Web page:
FEMFACTS
20 May 2019

Whatever you think of an undercover spy, her curves aren’t the news story

Salacious “honeytrap” coverage turns a news story about the imprisonment of a former Trump adviser into creepy James Bond-style fanfic.

Guest Mavens
Sian Norris NewsMavens, Europe
Whatever you think of an undercover spy, her curves aren’t the news story - NewsMavens
George Papadopoulos, YouTube

It’s the stuff of 1960s spy movies -- a glamorous spy with blonde hair and impressive curves entrapping the hapless political adviser into giving away state secrets.

That’s the story emerging about George Papadopoulos, former Trump adviser, who was targeted by an FBI investigation into the 2016 Presidential campaign.

It contains all the best ingredients -- British professors, attractive women, and a honey trap set for a gullible aide all too keen to believe a drink with him was the “highlight” of a glamorous woman’s trip to London.

But the resulting coverage of Papadopoulos’ memoir indulges in the most basic sexism and ignores the real news story: the arrest and imprisonment of an adviser for lying to the FBI.

What’s the claim?

The Daily Mail has reported on how the “Trump spy scandal deepens”, writing:

"Curvy blonde" undercover FBI investigator targeted aide George Papadopoulus at London bar

They write how in his forthcoming book, Papadopoulos described undercover FBI agent Azra Turk as a:

"sexy bottle blonde in her thirties who was 'not shy about showing her curves – as if anyone could miss them. She's a fantasy's fantasy."

Turk was posing as the research assistant of Cambridge professor Stefan Halper, and went for a drink with Papadopoulos in a London bar. She asked Papadopoulos whether the Trump campaign was working with Russia in 2016. Papadopoulos wrote:

"'If this is what academic researchers look like, I've been going to the wrong school,' I laugh to myself."

WHAT ARE THE FACTS

We don’t know who the real Azra Turk is, however we can critique the sexism in this news story -- starting with the salacious coverage.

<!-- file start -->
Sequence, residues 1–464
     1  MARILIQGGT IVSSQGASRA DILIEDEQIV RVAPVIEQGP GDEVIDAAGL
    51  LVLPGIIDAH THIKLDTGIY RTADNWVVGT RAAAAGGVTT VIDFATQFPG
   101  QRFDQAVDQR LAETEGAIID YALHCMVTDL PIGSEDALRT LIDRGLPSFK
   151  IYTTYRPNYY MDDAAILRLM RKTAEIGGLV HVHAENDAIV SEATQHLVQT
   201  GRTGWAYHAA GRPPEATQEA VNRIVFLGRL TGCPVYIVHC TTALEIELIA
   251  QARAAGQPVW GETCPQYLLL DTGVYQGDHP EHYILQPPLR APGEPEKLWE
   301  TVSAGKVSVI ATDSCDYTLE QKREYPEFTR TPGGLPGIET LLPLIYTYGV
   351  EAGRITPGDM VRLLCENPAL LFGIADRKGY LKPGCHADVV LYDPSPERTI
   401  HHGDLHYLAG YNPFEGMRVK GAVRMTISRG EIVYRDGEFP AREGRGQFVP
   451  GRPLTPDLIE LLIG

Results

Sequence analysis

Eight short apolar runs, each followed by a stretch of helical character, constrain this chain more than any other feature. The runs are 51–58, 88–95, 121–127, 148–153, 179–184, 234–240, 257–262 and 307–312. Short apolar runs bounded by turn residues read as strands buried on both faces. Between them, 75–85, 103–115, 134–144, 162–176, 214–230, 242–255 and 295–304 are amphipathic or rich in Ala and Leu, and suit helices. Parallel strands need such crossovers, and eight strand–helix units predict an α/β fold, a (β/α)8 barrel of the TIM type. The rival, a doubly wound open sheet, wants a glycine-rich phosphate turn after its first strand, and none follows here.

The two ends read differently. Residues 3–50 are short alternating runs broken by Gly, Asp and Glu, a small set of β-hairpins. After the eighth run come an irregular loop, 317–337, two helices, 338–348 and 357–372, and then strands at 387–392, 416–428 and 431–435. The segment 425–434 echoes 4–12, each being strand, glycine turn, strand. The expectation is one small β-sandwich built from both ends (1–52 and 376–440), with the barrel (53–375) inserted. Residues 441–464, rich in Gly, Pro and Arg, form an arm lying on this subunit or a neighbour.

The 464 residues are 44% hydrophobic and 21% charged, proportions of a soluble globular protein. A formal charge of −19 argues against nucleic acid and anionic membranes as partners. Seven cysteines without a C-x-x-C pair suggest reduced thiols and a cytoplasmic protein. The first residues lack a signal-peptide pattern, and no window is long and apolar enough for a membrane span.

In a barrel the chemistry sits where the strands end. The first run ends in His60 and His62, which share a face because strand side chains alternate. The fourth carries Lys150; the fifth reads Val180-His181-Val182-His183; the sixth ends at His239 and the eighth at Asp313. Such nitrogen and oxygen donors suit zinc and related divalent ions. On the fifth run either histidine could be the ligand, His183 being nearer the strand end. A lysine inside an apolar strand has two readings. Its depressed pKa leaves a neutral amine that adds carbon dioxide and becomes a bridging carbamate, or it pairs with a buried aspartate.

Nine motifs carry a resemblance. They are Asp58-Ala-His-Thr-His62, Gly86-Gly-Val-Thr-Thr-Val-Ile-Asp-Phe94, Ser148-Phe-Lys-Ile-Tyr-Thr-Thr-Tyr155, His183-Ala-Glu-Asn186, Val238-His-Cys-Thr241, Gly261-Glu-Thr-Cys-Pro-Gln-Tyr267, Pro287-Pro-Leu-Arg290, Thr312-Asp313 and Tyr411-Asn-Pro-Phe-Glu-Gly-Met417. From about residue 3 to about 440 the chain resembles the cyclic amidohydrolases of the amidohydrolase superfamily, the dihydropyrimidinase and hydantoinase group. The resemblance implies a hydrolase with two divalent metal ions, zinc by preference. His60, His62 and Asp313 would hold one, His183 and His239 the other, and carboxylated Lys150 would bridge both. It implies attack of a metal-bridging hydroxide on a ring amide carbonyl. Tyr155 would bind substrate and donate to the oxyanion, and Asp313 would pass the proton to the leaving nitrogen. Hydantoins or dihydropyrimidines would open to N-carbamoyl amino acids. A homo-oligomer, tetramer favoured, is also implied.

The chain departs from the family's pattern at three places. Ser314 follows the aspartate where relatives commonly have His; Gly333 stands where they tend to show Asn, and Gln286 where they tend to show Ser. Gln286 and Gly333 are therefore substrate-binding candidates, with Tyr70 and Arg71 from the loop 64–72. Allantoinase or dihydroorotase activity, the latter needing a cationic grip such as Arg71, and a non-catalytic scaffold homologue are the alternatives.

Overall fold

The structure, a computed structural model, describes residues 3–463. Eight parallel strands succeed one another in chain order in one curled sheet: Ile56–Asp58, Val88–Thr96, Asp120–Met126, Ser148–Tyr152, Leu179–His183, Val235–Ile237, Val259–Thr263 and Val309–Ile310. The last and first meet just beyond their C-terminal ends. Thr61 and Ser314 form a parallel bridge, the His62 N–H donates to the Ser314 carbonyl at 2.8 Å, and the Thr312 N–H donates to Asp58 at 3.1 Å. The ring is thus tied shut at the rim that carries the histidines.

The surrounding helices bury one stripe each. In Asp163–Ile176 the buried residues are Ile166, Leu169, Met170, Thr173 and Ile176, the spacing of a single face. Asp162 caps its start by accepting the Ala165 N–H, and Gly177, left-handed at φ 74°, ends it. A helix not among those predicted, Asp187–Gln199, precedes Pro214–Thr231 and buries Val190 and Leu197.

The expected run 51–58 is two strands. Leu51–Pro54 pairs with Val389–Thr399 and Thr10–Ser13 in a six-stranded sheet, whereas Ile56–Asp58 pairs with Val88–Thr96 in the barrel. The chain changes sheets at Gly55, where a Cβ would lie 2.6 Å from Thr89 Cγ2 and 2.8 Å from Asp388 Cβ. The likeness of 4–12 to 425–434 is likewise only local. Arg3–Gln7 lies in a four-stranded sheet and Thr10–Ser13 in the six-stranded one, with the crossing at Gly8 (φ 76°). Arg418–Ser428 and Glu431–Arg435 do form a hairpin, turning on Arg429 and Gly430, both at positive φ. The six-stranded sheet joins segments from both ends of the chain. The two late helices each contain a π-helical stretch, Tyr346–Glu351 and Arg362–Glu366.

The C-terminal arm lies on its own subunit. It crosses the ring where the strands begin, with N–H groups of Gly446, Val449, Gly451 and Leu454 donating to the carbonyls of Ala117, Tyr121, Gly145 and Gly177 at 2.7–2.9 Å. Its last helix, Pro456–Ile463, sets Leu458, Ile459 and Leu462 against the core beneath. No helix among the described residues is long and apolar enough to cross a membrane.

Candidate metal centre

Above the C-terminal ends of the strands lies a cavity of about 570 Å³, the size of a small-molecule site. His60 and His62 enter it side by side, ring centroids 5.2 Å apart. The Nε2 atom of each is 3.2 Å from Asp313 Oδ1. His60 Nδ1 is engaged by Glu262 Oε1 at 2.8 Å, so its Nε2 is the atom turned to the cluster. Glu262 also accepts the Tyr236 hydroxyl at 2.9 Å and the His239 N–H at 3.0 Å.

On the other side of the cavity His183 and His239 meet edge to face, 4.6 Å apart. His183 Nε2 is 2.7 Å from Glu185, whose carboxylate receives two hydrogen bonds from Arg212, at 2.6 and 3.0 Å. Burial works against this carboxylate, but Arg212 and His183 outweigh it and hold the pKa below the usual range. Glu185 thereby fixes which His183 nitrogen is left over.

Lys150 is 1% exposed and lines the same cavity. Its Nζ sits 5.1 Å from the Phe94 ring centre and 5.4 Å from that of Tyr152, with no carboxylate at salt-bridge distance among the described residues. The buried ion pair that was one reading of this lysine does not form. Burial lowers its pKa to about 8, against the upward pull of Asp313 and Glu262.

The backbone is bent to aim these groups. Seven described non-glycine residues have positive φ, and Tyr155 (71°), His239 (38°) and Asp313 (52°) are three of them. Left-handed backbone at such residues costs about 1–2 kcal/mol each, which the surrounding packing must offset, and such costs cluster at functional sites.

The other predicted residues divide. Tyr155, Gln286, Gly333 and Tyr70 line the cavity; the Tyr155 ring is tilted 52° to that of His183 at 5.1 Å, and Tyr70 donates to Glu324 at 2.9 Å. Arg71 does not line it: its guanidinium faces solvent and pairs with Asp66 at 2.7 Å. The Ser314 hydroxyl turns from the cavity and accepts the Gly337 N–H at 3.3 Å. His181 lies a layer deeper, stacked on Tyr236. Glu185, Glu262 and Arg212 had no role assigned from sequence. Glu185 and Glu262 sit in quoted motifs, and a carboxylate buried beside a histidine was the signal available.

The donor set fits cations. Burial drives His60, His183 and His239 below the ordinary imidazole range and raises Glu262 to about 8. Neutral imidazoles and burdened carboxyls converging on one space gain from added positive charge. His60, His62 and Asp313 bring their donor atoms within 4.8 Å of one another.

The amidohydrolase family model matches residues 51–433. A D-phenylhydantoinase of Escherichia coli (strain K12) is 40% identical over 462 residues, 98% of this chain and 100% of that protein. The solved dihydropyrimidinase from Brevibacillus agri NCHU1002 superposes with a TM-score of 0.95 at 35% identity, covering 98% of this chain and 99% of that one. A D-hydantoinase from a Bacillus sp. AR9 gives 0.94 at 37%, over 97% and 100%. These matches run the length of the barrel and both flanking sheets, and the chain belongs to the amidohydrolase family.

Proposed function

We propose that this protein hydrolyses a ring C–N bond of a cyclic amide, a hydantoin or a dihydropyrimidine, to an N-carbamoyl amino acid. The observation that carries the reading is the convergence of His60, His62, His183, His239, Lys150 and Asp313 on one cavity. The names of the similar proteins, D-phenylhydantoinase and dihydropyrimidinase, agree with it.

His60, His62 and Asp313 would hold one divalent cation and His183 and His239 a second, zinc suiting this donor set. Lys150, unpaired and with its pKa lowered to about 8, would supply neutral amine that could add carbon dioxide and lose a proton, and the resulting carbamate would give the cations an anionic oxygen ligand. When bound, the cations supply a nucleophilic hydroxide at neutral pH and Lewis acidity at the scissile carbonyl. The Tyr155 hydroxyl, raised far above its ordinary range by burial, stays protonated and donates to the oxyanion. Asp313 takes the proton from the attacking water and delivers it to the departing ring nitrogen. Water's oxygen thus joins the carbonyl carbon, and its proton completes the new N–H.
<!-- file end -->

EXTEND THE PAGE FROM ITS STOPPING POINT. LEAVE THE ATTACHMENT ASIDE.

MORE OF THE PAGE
This is a news story about Papadopoulos’s claims that he was targeted by a spy in a counterintelligence probe. It’s also a story about the desperate measures an alarmed FBI took in in its efforts to try and get to grips with the alleged Russian involvement in the 2016 US election.

It’s not a news story about a woman’s body or hair color.

However, the Daily Mail chooses to focus their coverage on Papadopoulos’ description of Turk’s looks, using objectifying language that refers to her hair and body. This privileges Papadopoulos’s version of events, and his decision to frame the undercover agent entirely as a sex object.

The language Papadopoulos uses is needlessly sexist -- “bottle blonde” and a “fantasy’s fantasy”. He dehumanizes Turk, presumably to try and recover some of his own disgraced reputation, and the Mail is willing to go along with this dehumanisation.

Then there’s his “joke” about what academic researchers look like. This is an example of basic sexism -- the assumption that intelligent women cannot be conventionally attractive. It leans on misogynistic stereotypes about the value of women -- that blondes are dumb and research assistants are dowdy bluestockings.

If Papadopoulos’s claims are true, there are ethical questions to be raised about the ongoing use of the “honey trap” to extract secrets from men. It’s a sexist tactic that treats women as sex objects and men as hapless characters who can’t control themselves. In some ways it is not surprising that Papadopoulos uses misogynistic and objectifying language to recount the events in the London bar -- that was the FBI’s intention after all.

However, one has to assume that while Turk was not, in fact, a Cambridge research assistant, she is a highly-trained professional agent with the FBI.

The Daily Mail has a long history in focusing on a woman’s body as its headline news story. The notorious “sidebar of shame” is packed with stories where women “pour their curves” into a dress, or “flaunt” their body parts -- simply by leaving the house wearing clothes. There’s no surprise, then, that they would report the sexual attributes of a spy -- even when that means trusting the words of a convicted criminal.

Conclusion

This article is an example of clickbait –- relying on sexist and objectifying language to attract readers. The article relies on sexual objectification to sensationalise a news story.

WITH FINANCIAL SUPPORT FROM:
SUPPORTED BY:

Project #Femfacts co-financed by European Commission Directorate-General for Communications Networks, Content and Technology as part of the Pilot Project – Media Literacy For All

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